When The Smart Investor said that “Bulls see a ray of hope” (bit.ly/Qw3GRs) some three weeks ago, it was still not fashionable to do so. In fact, the idea itself was considered to be flawed. Worries about Europe still loomed large, India’s growth numbers were already hopeless and falling and the government looked more impotent than ever as opposition was literally hauling them over the coals. “How can the market go up?” bears were heard growling.
But, thanks to some astute market minds, who read the undercurrent, we were convinced that “this is how tezi begins…” I can only hope you took the cue and are now laughing to the bank.
Now that I am done with my little “We told you so” indulgence, let me come to the broader point I wanted to make. Today, as we stand at 18,550, a good 700 points above the day when we saw the ray of hope and over 1300 points from the lows hit thereafter due to Coalgate, the factors that were behind that conviction still hold good – Resurgent heavyweights, government sweet talk and abundant liquidity.
The first two have already played out. While the government has walked its sweet talk, experts are already seeing allocations away from defensives such as FMCG and pharma to growth-driven sectors.
That leaves us with liquidity and at present, it looks like we are going to have plenty of that. It is never a great strategy to argue with liquidity. European Central Bank’s Draghi has announced unlimited bond buying. German courts have cleared a plan that enables the country help build a trillion dollar ‘stability’ bazooka. Across the Atlantic too, Uncle Ben has armed himself well. It was only shrewd for the government to capitalise on the global moves by letting the market hear what it so long want to hear on retail and aviation.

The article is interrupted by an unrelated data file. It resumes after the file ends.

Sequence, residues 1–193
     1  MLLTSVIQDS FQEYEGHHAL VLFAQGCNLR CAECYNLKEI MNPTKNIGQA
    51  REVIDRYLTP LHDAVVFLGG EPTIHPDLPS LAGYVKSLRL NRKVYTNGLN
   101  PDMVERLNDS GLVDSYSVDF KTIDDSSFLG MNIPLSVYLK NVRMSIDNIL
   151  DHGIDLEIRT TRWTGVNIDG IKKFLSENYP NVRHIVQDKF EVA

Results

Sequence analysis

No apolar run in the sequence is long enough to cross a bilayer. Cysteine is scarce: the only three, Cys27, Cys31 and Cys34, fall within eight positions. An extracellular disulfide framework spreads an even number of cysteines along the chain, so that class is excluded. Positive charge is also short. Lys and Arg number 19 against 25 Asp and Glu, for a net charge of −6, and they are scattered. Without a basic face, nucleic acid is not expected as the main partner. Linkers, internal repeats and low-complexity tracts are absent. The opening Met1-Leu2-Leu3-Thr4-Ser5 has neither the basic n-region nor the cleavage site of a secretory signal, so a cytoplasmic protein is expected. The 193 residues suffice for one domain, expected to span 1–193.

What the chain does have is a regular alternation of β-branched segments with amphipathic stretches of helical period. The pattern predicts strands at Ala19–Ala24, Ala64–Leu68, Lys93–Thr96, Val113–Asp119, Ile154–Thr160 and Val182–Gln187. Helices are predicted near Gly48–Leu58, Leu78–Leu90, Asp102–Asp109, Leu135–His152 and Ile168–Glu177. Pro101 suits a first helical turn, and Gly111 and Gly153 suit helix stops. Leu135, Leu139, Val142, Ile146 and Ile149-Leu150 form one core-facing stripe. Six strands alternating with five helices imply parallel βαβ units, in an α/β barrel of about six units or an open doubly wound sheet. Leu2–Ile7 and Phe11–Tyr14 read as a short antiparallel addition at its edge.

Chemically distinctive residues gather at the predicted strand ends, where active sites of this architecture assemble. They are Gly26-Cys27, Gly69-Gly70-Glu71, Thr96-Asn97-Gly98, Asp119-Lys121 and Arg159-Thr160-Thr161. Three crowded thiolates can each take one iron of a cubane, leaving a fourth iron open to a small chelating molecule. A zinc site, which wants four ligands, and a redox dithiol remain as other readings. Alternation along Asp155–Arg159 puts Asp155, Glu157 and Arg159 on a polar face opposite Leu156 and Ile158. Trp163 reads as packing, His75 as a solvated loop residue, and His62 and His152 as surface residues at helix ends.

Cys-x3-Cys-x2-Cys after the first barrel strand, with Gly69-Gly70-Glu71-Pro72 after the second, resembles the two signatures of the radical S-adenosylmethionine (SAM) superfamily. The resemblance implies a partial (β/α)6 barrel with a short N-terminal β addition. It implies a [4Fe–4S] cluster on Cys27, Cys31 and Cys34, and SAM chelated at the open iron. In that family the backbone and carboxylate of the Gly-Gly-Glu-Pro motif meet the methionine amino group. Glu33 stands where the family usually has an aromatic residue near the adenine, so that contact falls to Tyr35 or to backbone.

On Friday, alone FIIs brought in Rs 2,800 crore pushing up the rupee, triggering the virtuous cycle of fresh flows, rising rupee and better returns, we had hoped to return.
The Reserve Bank of India has also played its part by cutting the reserve ratio by 25 basis points on Monday. Thus, though Subbarao is yet to turn a hard-core dove like his Western counterparts, he has become less hawkish, which leaves something for the markets to look forward to.
Remember, India’s fundamentals were not the reason the Sensex fell off from the 20,000 cliffs, five painful years ago. It was more because our fair weather friends, foreign institutions, pulled the plug from under our nine per cent plus growth. They did it then because of their own troubles and not because of our mistakes.
It does not make any sense to talk fundamentals in this scenario. You will be shot down saying that market will discount what is going to happen two quarters from now. It is not good time to talk scams either. But, it’s not that bad a time to go out and make some money. It’s been so long…
A version of this article appeared on www.business-standard.com on Friday